GRE Prep: Commonly confused words (Part 3)

GRE Prep: Commonly confused words (Part 3)

As part of our series on commonly confused words, this post will introduce a group of similar sounding A words that tend to be mixed up.

Let’s first take a quick glance at the 7 words in question:


Abjure   Abdicate   Abhor   Abrogate   Adjudicate   Arrogate   Adjourn


Getting slightly muddled?

Now let’s test how well we know each word. Here are five sentences with 7 blanks for each of the 7 words (note that you might have to use a different form of the word for each blank):


After declaring a ceasefire in 2010, the separatist armed group gave up its weapons and ____________ the path of violence it previously followed.

By _______________ to himself the right to publicly share the company’s financial information without his superior’s approval, the director was not only ________________ his professional responsibilities but effectively severing all personal relations he had with his superiors.

Having grown up in the Apartheid era, she ______________ all forms of racism.

As the aging ruler has had to ________________ almost every court session due to ill health, he finally decided to _____________ his throne after four decades.

The former judge was asked to _____________ the longstanding dispute between the trade union and the government.


Let’s start with the last sentence, which is highly context-specific:


The former judge was asked to _____________ the longstanding dispute between the trade union and the government.


A quick guess for the blank would be “resolve” or “arbitrate”. The only word of the 7 that approximates such a meaning is adjudicate (to settle judicially or to make a formal judgment on a disputed matter).

This should not be confused with abdicate (to renounce one’s throne). Knowing the meaning of this word allows us to fit it into its specific context. The only sentence in which this highly specific word seems to fit in is the penultimate:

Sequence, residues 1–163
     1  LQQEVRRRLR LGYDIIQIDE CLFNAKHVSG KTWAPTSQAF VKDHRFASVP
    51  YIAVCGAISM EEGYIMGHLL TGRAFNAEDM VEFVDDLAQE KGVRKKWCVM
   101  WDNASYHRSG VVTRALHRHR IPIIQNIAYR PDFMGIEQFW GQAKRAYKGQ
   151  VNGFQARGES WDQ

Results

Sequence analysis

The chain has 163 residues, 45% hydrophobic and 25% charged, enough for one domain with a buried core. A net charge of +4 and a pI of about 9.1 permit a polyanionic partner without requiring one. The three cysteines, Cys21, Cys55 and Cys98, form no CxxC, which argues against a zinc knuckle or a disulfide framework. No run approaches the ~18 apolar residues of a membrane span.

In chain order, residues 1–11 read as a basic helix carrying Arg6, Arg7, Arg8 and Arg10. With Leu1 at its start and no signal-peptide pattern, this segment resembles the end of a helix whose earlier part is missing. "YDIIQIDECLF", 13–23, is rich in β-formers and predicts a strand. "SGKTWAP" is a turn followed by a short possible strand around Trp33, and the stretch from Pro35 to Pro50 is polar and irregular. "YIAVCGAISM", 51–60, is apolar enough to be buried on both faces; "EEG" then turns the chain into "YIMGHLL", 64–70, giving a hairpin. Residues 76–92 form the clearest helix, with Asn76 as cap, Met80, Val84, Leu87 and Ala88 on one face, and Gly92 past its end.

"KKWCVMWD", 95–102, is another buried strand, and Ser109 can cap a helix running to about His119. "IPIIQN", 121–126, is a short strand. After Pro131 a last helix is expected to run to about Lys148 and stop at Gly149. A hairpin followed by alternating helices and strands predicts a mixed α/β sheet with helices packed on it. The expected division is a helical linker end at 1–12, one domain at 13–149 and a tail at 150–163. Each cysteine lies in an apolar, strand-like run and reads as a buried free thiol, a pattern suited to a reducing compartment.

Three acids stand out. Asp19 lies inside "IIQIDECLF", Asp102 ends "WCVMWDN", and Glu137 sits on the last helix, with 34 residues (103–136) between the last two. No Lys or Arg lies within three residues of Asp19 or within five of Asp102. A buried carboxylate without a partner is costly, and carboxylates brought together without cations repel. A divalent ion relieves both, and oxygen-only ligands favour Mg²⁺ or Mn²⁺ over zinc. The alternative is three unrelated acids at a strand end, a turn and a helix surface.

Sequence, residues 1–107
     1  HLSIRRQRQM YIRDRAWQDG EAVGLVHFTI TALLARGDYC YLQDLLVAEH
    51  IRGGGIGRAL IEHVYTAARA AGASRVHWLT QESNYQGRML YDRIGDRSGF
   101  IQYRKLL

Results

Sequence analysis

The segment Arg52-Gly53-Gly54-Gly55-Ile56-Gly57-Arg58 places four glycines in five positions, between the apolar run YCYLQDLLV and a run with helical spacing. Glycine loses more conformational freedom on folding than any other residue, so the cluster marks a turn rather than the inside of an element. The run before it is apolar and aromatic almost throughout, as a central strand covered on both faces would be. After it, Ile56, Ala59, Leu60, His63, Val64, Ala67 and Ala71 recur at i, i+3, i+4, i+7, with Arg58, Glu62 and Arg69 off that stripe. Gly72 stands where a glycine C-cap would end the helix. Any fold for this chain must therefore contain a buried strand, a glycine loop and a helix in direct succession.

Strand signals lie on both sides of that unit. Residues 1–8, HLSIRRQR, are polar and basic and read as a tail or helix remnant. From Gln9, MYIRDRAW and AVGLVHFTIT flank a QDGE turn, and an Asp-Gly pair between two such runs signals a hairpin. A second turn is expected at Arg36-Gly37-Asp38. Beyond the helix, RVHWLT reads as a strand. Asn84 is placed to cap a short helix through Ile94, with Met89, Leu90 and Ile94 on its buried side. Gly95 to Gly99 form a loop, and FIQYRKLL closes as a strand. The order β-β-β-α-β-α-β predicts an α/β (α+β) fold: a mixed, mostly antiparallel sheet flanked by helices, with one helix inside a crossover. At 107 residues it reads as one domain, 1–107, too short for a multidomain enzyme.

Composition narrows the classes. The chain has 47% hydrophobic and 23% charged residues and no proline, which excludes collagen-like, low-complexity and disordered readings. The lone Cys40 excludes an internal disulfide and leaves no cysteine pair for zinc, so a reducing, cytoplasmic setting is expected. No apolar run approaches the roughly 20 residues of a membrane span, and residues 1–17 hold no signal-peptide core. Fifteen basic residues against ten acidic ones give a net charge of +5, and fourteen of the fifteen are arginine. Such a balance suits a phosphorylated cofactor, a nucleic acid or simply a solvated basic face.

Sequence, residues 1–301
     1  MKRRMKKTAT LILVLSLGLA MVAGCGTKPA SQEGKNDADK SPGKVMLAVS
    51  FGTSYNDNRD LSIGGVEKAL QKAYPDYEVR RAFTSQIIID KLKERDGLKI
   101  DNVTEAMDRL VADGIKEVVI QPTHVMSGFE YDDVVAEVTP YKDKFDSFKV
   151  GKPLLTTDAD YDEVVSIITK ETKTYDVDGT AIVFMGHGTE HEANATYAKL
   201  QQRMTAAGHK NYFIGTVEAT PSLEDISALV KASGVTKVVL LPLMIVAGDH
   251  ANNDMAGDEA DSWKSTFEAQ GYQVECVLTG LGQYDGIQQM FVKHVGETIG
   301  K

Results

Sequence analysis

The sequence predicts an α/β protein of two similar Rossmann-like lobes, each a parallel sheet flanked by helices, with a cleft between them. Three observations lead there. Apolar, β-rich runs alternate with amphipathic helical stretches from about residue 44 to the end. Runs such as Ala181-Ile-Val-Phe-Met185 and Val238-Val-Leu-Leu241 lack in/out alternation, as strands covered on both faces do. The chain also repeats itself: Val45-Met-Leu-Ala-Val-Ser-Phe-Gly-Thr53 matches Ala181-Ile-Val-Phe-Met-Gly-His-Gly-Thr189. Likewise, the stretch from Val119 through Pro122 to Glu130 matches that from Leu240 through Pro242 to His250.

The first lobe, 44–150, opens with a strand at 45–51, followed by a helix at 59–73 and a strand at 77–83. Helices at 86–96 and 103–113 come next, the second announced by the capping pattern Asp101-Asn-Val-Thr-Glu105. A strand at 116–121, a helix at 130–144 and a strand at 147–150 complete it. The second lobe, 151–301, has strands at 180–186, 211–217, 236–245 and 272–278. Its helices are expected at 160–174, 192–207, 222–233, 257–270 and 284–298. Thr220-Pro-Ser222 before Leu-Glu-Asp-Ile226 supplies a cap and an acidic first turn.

As the aging ruler has had to ________________ almost every court session due to ill health, he finally decided to _____________ his throne after four decades.


Now, since the ruler had decided to give up his throne, it must be due to the negative effects of his health; a quick guess for the first blank would be “terminate” or “postpone”, thus leading us to the word adjourn (to suspend or postpone).

Three words down, four more to go. Let’s now go to the third sentence, which appears to have a simple structure:


Having grown up in the Apartheid era, she ______________ all forms of racism.


We know that the Apartheid era involved racial repression, so a quick guess for the blank would be “hated” or “rejected”. The only word that approximates such a meaning, clearly, is abhorred (regard with repugnance).

Now, we are only left with three words, abjure, abrogate and arrogate. Let’s try to fit one of them into the first sentence, which has only one blank:


After declaring a ceasefire in 2010, the separatist armed group gave up its weapons and ____________ the path of violence it previously followed.


Given that the group “gave up” its weapons, it must mean that it “renounced” or “rejected” its previous path of violence. Of the three words left, two come close to this meaning: abjured (to solemnly renounce) and abrogated (to annul, repeal or do away with). However, given the context here, the former is the better word as it is more typically used to describe the rejection of a belief, cause or claim.

And finally, we come to the second sentence, which should now be a breeze:


By _______________ to himself the right to publicly share the company’s financial information without his superior’s approval, the director was not only ________________ his professional responsibilities but effectively severing all personal relations he had with his superiors.


Clearly, abrogating would fit very well into the second blank, leaving us with arrogate for the first. This word, which is probably the most alien of the lot, means “to seize or claim something without justification”. And yes, the word arrogate comes from the same Latin root as arrogant: arrogare means to “claim for oneself”, which explains why arrogant means “to give oneself undue importance”.

As a revision, why not go back to the start of the post and try filling in the blanks yourself? Do you remember the definitions of all 7 words now?

If you enjoyed this post, you might want to take a look at more commonly confused words here or tricky word pairs here.